In neonates two syndromes exist for group B strep (GBS) disease:
- Early-onset (<7 days old)
- Late-onset (7-90 days old)
Both can manifest as bacteremia, sepsis, pneumonia, and meningitis. In adults, severe infections can manifest as bacteremia (including sepsis) and soft tissue infections. Pregnancy-related infections include:
- Bloodstream infections (including sepsis)
- Urinary tract infection
Streptococcus agalactiae or group B Streptococcus (group B strep, GBS) cause GBS disease.
Approximately 30,800 cases of invasive GBS disease occur annually in the United States in all age groups. This number includes invasive disease that manifests most commonly as bloodstream infections. In newborns, approximately 7,600 cases occurred before widespread adoption of prevention guidelines. The rate of early-onset infection decreased from 1.7 cases per 1,000 live births (1993) to 0.22 cases per 1,000 live births (2016). Racial disparities in disease persist with the incidence higher among African Americans for all age groups. Learn more about GBS trends.
Active surveillance for invasive GBS disease is ongoing in a multistate population. Learn more about GBS disease surveillance.
Neurologic sequelae include sight or hearing loss and cerebral palsy. Death occurs in about 5% of infants and adults.
Direct medical costs of neonatal disease before prevention were $294 million annually.
Asymptomatic carriage in gastrointestinal and genital tracts is common. Intrapartum transmission via ascending spread from the vagina occurs. Mode of transmission of disease in non-pregnant adults is unknown.
Adults with chronic illnesses (e.g., diabetes mellitus, obesity, cardiovascular disease), pregnant women, the fetus, and the newborn are at risk for GBS disease.
For neonatal disease, risk is higher among infants born to women with
- GBS colonization
- Prolonged rupture of membranes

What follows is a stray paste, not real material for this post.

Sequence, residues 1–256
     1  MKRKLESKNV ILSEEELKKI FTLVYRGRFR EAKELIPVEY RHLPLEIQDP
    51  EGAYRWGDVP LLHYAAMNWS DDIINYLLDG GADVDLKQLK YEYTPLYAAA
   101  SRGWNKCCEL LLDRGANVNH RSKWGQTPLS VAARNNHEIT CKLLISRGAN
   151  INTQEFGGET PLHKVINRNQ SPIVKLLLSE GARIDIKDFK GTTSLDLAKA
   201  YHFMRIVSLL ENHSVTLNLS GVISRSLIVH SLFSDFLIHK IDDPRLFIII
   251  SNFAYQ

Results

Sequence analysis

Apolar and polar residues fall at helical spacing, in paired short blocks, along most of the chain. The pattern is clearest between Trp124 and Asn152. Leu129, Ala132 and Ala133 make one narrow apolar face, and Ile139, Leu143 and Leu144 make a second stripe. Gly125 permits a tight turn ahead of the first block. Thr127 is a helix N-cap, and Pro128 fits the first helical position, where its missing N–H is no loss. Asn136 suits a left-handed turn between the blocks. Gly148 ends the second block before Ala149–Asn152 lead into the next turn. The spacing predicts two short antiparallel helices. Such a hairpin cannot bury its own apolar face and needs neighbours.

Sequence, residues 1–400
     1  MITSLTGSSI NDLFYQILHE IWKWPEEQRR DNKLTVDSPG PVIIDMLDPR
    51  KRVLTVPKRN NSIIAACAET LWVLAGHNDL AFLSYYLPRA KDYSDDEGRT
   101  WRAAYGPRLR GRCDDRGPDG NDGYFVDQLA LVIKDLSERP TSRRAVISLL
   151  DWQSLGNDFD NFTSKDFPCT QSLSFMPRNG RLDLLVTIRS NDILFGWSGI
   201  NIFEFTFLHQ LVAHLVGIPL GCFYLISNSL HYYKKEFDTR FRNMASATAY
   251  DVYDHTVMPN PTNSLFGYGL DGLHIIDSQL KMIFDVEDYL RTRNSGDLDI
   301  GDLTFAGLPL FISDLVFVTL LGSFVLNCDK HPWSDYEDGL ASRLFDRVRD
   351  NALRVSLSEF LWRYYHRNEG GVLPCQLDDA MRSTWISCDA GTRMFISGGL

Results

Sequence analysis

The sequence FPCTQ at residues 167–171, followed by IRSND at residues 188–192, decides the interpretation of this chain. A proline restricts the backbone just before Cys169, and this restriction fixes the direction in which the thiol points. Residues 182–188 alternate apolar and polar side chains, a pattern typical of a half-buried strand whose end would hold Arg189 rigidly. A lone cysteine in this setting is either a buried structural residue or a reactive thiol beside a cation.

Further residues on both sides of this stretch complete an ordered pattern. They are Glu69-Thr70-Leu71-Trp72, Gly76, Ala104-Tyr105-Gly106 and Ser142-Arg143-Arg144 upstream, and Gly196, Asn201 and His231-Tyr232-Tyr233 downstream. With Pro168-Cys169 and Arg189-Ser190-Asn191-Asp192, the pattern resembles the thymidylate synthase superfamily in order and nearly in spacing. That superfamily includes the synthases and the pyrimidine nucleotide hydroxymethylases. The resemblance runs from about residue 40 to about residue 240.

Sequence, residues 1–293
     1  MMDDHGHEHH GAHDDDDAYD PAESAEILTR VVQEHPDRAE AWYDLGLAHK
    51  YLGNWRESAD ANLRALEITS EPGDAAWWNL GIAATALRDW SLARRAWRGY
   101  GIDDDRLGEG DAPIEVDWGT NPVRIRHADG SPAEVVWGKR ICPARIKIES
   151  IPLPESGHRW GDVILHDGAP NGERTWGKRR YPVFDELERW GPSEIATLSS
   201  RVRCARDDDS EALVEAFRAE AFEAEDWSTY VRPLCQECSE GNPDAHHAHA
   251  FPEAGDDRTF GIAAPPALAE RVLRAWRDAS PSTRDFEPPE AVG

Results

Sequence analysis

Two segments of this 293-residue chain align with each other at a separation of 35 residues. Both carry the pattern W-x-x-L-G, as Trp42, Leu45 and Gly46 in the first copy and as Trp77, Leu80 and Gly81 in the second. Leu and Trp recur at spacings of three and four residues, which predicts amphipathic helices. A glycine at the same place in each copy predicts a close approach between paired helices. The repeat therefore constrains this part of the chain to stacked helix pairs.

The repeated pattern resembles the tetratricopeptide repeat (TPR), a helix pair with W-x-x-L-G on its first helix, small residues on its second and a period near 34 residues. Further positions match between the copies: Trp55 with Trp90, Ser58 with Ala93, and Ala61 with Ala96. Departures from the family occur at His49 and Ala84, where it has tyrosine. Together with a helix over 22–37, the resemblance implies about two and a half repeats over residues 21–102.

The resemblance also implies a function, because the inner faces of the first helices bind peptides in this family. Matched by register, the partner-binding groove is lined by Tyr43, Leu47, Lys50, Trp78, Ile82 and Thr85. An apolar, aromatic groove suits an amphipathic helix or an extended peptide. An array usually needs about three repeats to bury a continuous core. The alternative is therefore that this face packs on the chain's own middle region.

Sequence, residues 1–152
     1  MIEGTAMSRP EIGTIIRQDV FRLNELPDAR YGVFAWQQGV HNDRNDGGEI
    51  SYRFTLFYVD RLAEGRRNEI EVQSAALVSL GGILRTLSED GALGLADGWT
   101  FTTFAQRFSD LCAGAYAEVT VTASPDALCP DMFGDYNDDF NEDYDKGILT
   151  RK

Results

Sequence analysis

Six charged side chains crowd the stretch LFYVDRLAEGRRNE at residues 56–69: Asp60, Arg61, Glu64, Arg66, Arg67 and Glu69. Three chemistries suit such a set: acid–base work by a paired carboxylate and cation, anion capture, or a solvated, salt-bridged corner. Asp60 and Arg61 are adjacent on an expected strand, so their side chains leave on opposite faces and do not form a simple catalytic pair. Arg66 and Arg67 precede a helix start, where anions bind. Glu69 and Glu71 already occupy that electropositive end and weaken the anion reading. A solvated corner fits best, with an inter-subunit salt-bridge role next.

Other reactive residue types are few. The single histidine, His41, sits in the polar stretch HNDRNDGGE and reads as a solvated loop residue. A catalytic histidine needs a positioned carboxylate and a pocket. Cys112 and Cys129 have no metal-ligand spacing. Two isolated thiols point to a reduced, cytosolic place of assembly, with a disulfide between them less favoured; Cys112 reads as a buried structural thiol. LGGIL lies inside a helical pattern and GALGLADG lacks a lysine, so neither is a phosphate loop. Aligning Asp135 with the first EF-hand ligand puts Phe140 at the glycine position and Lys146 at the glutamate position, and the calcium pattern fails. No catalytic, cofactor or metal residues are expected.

- Preterm delivery
Rates are also substantially higher among African Americans and the elderly.
Public health experts are working to
- Implement universal screening in all prenatal health care settings by promoting use of guidelines for prevention of GBS disease
- Monitor potential adverse consequences of increased use of antibiotics
- Identify a strategy for prevention of late-onset disease and adult disease
The widespread use of intrapartum antibiotic prophylaxis to prevent early-onset GBS disease has raised concern about the development of antibiotic resistance among GBS isolates. Learn more about GBS resistance.
CDC continues to interface with national organizations, health departments, and community groups to create awareness and promote a universal screening policy in all prenatal care settings. CDC conducts active surveillance through the Active Bacterial Core surveillance (ABCs) in order to monitor rates of GBS disease in 10 states in the country. Researchers and policymakers can use these data for continued research and for evaluating the effect of the prevention guidelines.
- Metcalf BJ, Chochua S, Gertz RE Jr, Hawkins PA, Ricaldi J, Li Z, et al. Short-read whole genome sequencing for determination of antimicrobial resistance mechanisms and capsular serotypes of current invasive Streptococcus agalactiae recovered in the USA.External Clin Microbiol Infect. 2017;23(8):574.e7–14.